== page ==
If you want fiber for internet gaming or livestreaming, Verizon Fios is an excellent choice.

Verizon Fios plans and pricing

PackagePriceMax downloadMax uploadDetails
Fios Internet 300/300$49.99/mo.*Up to 300MbpsUp to 300Mbps
Fios Internet 500/500$74.99/mo.*Up to 500MbpsUp to 500Mbps
Fios Internet 1 Gig$89.99/mo.*Up to 940MbpsUp to 880Mbps
Fios Internet 2 Gig$109.00/mo.**Up to 2,300MbpsUp to 2,300Mbps

Best availability—Spectrum

Best availability



  • Connection type: Cable, fiber
  • Maximum advertised speed: 1,000Mbps
  • Average latency: 33.40 ms
  • Data cap: No
  • States covered: 42


View Plans for Spectrum

Spectrum has the widest availability of all the internet providers on our list, covering 38.3% of the US. It delivers mostly cable internet and some fiber.

The big selling point for Spectrum is that it doesn’t have a data cap. Its main competitor, Xfinity, limits your data allowance to 1.2TB per month and charges an additional $30 a month for unlimited data. Spectrum doesn’t do that, which is vital since game files and updates shoot up into gigabytes.

Spectrum also doesn’t have a monthly modem or gateway rental fee, but you do pay a monthly WiFi access fee unless you install a store-bought gaming router. In that case, have Spectrum disable WiFi in the gateway or return Spectrum’s standalone router to remove the monthly fee.

Overall. Spectrum’s cable internet service is your best bet for competitive gaming online if fiber isn’t available in your area. You can’t go wrong with the Spectrum Internet® and Spectrum Internet® Ultra plans.

Spectrum plans and pricing

PackagePriceMax downloadMax uploadDetails
Spectrum Internet® Assist$24.99/mo.*Up to 50Mbps
(wireless speeds may vary)
Up to 10Mbps
(wireless speeds may vary)
View Plans for Spectrum
Spectrum Internet® 10029.99/mo.*Up to 100Mbps
(wireless speeds may vary)
Up to 10Mbps
(wireless speeds may vary)
View Plans for Spectrum
Spectrum Internet®$39.99–$49.99/mo.
for 12 mos.
Up to 300Mbps
(wireless speeds may vary)
Up to 10Mbps
(wireless speeds may vary)
View Plans for Spectrum
Spectrum Internet® Ultra$49.99–$69.99/mo.
for 12 mos.
Up to 500Mbps
(wireless speeds may vary)
Up to 20Mbps
(wireless speeds may vary)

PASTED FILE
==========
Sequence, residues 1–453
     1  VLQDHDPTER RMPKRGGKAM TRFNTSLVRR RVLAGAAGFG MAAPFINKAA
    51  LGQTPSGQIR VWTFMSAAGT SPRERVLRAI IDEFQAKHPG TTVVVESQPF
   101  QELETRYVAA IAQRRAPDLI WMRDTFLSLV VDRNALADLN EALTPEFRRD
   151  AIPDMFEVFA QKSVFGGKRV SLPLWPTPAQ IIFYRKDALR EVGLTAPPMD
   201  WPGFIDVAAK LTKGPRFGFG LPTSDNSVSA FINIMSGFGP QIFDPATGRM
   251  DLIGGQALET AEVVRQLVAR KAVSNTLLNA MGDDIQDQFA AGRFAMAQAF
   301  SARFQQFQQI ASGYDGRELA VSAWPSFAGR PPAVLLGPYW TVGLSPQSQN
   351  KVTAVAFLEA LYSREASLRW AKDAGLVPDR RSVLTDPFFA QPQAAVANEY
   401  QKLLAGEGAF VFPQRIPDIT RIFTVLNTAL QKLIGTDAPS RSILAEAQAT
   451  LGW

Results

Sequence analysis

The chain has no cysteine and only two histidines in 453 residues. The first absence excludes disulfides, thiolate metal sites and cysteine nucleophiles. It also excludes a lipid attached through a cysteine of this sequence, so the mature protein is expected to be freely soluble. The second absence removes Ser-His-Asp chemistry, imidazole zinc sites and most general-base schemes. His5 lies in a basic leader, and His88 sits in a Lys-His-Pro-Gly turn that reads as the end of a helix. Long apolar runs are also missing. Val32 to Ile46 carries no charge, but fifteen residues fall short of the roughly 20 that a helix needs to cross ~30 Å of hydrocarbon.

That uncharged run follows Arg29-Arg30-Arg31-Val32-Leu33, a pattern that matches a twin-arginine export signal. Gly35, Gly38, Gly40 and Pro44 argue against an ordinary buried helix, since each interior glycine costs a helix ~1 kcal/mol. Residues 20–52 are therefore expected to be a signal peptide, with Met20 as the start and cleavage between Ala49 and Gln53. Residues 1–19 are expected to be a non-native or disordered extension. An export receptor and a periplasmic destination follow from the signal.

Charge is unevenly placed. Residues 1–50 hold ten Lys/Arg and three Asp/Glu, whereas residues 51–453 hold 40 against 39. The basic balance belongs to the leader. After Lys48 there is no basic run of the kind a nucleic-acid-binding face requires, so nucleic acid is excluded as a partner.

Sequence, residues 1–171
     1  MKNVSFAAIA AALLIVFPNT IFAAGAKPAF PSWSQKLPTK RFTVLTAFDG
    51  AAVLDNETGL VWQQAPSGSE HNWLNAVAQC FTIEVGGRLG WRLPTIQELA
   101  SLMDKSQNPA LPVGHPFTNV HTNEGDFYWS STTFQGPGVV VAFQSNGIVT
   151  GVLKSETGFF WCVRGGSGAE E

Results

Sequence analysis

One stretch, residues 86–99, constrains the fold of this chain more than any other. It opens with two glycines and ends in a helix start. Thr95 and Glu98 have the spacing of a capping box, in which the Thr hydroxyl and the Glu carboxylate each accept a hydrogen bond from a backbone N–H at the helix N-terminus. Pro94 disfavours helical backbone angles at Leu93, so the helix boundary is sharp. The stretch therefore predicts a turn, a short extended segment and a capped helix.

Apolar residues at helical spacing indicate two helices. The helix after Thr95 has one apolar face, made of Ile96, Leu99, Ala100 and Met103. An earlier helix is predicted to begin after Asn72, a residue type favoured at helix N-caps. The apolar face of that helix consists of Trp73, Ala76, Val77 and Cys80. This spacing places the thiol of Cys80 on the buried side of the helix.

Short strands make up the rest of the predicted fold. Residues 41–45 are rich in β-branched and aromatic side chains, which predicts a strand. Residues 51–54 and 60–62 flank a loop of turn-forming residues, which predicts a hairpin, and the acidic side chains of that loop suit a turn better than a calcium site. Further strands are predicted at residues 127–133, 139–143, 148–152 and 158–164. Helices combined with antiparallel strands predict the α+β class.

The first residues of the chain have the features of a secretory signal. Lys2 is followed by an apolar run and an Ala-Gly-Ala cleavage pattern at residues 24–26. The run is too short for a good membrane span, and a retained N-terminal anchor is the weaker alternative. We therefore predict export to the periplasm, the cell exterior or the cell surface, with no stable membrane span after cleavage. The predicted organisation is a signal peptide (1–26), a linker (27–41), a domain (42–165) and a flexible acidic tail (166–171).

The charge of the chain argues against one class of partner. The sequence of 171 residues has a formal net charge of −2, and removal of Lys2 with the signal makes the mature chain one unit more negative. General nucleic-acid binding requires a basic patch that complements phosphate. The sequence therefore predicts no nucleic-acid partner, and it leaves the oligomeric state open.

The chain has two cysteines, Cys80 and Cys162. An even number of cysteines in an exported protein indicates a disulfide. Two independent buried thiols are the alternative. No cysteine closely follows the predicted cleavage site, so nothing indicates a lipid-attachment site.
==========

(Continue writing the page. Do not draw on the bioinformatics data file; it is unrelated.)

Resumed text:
View Plans for Spectrum
Spectrum Internet® Gig$59.99–$79.99/mo.
for 12 mos.
Up to 1,000Mbps
(wireless speeds may vary)
Up to 35Mbps
(wireless speeds may vary)
View Plans for Spectrum

Best for cable speed—Xfinity

Best overall



  • Connection type: Cable
  • Maximum advertised speed: 1,200Mbps
  • Average latency: 23.45 ms
  • Data cap: Yes
  • States covered: 40


View Plans for Xfinity

Xfinity is the third-largest internet provider, covering 34.2% of the US. That gives it the upper hand over Astound Broadband, another cable internet provider with better latency but a smaller footprint. Spectrum is Xfinity’s biggest competitor and has a slightly higher latency.

Xfinity’s cable internet reaches up to 1,200Mbps in download speed and up to 35Mbps in upload speed. Xfinity also offers a residential fiber plan based on its metro business fiber service, but it’s so scarce we don’t even list it. Plus, it’s expensive and comes with high installation fees. We don’t recommend this plan even though we prefer fiber over cable. However, it seems customers get along just fine with Xfinity’s cable connections, as Xfinity earned the average speed satisfaction ratings two years in a row in our annual customer satisfaction survey.

The big drawback with Xfinity is its 1.2TB data cap—it’s one of seven that limit your data each month. That can be problematic if you install digital games rather than physical ones. The cap can also be a burden when installing updates that reach up to 100 GB and beyond. You can pay an extra $30 per month for unlimited data, but that’s an extra $360 per year.

That said, if fiber or Spectrum isn’t available in your area, Xfinity is your next best choice for gaming online.

Xfinity plans and pricing

PackagePriceMax downloadMax uploadDetails
Connect$20.00/mo.*150MbpsUp to 10MbpsView Plans for Xfinity
Connect More$35.00/mo.**200MbpsUp to 10MbpsView Plans for Xfinity
Fast$55.00/mo.#400MbpsUp to 10MbpsView Plans for Xfinity
Superfast$70.00/mo.#800MbpsUp to 20MbpsView Plans for Xfinity
Gigabit$80.00/mo.#1,000MbpsUp to 20MbpsView Plans for Xfinity
Gigabit Extra$85.00/mo.**1,200MbpsUp to 35MbpsView Plans for Xfinity

Best for price—AT&T

Best for price



  • Connection type: Fiber, 5G fixed wireless
  • Maximum advertised speed: 5,000Mbps
  • Average latency: 24.67 ms
  • Data cap: No
  • States covered: 21


View Plans for AT&T

AT&T is now one of the fastest big-name internet providers in the US with its 5Gbps plan, which, honestly, is a little overkill for home internet. A single 8K video stream will probably require at least 50Mbps, so even a gigabit plan should handle the load easily.

As a gamer, you want AT&T’s fiber internet over its DSL service. Sure, you can game online with DSL, but you get better speeds if you go with fiber—which translates to better latency. Surprisingly, AT&T has a lower latency average than Google Fiber, but it’s far higher than Verizon Fios (fiber), Astound Broadband (cable), and Xfinity (cable).